UBS exposure to subprime market (Q3 2007)
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For UBS, the area most severely affected by the market dislocation in third quarter 2007 was the inventory of securities related to the US sub-prime residential mortgage market. When these positions - which are sizeable - were taken, we entered into partial hedges designed to mitigate risk in normal and volatile market conditions. The deterioration of this sector in third quarter, however, was more severe and sudden than any such event in recent market history. The securitized credit markets became illiquid and UBS's positions, including securities with high credit ratings, lost substantial value. The valuations applied by UBS in its balance sheet on 30 September 2007 reflect the weakness in the US housing and mortgage market during the quarter.
Net losses during the quarter in the books with these positions were USD 4.4 billion (CHF 5.3 billion), made up of gross losses of USD 5.6 billion (CHF 6.7 billion) offset by gains on hedges of USD 1.2 billion (CHF 1.4 billion). Where possible, holdings are marked at the quoted market price (also known as "level 1" inputs in accounting terminology). For the positions related to the US sub-prime market, this was and is still not possible in present market conditions. UBS therefore mostly uses valuation techniques based on "observable inputs" derived from similar assets in similar and active markets, from recent transaction prices for comparable items or from other observable market data ("level 2" inputs). For positions where observable reference data is not available UBS uses econometric models with non market observable ("level 3") inputs. The inputs to these econometric models principally comprise remittance data from mortgage service companies. These are received towards the end of each month and relate to the preceding month's cash flows on the mortgages underlying the relevant mortgage backed securities. Our models assess the level of risk in the underlying mortgage portfolio and estimate the fair value of the positions we hold.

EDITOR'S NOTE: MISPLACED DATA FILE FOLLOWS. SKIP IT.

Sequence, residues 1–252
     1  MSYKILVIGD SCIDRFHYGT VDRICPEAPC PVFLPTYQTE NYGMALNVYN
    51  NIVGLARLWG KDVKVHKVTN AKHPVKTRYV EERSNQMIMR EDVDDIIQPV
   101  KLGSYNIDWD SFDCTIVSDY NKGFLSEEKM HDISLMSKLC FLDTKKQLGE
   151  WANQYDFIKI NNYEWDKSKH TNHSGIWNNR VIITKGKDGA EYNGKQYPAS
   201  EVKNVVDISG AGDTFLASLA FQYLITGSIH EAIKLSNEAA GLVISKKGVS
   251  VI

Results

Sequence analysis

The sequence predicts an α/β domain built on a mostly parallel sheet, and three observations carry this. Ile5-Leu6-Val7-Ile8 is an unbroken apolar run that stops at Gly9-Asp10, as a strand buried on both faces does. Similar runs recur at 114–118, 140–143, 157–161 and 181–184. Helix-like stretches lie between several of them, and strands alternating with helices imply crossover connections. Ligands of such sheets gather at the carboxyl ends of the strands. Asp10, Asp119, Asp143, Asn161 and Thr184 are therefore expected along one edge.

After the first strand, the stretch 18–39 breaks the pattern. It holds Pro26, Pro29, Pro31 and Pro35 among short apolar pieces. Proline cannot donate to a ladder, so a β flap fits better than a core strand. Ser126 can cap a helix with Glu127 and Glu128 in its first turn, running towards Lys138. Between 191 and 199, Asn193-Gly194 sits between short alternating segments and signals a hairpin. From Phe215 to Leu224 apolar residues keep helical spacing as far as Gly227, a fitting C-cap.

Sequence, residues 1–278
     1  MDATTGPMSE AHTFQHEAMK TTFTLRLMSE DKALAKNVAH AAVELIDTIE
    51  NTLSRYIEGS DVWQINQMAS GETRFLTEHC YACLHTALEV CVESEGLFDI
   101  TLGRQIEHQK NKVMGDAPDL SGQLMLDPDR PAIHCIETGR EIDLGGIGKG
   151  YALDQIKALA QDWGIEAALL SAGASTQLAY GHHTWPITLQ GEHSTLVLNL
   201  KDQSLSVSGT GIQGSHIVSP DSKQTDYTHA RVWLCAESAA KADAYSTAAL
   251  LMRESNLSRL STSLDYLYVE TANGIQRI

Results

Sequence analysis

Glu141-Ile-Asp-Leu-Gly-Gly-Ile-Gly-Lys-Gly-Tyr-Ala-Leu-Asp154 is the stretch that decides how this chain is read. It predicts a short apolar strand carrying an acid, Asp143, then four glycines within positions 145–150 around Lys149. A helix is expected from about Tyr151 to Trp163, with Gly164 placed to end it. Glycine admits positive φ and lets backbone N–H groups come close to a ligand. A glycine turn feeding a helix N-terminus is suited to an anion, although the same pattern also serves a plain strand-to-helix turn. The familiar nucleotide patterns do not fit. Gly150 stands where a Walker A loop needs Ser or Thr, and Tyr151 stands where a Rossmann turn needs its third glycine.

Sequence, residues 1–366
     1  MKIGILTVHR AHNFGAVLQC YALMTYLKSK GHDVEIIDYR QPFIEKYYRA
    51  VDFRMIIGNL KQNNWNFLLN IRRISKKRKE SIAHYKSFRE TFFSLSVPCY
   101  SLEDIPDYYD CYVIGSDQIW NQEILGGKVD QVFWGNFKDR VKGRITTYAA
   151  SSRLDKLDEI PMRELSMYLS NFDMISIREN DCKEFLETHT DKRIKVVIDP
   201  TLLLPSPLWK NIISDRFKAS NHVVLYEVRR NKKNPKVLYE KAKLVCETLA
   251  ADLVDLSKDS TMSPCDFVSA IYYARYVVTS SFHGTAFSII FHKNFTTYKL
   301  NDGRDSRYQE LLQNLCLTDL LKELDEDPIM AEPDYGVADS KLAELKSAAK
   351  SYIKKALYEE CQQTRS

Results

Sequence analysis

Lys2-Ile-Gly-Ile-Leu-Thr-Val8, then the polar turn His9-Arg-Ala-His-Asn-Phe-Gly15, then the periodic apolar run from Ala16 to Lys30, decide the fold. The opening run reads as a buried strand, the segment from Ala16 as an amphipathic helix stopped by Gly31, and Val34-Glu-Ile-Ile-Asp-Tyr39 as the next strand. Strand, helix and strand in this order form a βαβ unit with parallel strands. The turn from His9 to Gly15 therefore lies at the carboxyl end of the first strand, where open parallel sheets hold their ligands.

Although our models are proprietary and there is no single market standard model, our approach is similar to that used by other market participants. Our models are calibrated to transactions in similar instruments and are reviewed and updated from time to time. They do not necessarily contain sentiment or predictions that are implicit in active, liquid, level 1 transactions. Such models have inherent limitations, and different assumptions and inputs would generate different views.
UBS's main remaining positions at end September 2007 included:
holdings of sub-prime residential mortgage-backed securities (RMBS). These consist overwhelmingly of presently AAA-rated tranches, of which around 80% have an expected weighted average life of less than three years. Following this quarter's writedowns, the net exposure was USD 16.8 billion (CHF 19.5 billion).
about USD 1.8 billion (CHF 2.1 billion) net exposure to collateralized debt obligations (CDOs) held in warehouse lines and retained after securitizations. Most of the securities are currently rated investment grade, predominantly AAA, with the majority having an expected weighted average life of less than five years.
positions in super seniors, meaning AAA-rated tranches of CDOs. Super senior CDO debt ranks above other AAA tranches of the same issue in the event of default. The aggregate notional values of these securities are USD 20.2 billion (CHF 23.4 billion), although this does not necessarily indicate the risk exposure of this portfolio. These securities have a range of subordination levels, maturities and rights in the event of default. These positions are valued using level 3 methodology.
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The value of all these holdings in the future will, naturally, depend on developments in the underlying mortgage pools, changing loss assumptions, model enhancements and on the credit rating of the securities in question. UBS continues to manage, trade and hedge these positions as market conditions permit.
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